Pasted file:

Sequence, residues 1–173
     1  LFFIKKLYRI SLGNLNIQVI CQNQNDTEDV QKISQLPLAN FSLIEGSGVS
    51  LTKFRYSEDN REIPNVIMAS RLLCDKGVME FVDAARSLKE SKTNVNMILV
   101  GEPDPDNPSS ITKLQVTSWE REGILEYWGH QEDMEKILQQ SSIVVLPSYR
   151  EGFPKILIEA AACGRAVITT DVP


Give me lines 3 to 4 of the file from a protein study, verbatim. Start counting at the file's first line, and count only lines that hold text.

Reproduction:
    51  LTKFRYSEDN REIPNVIMAS RLLCDKGVME FVDAARSLKE SKTNVNMILV
   101  GEPDPDNPSS ITKLQVTSWE REGILEYWGH QEDMEKILQQ SSIVVLPSYR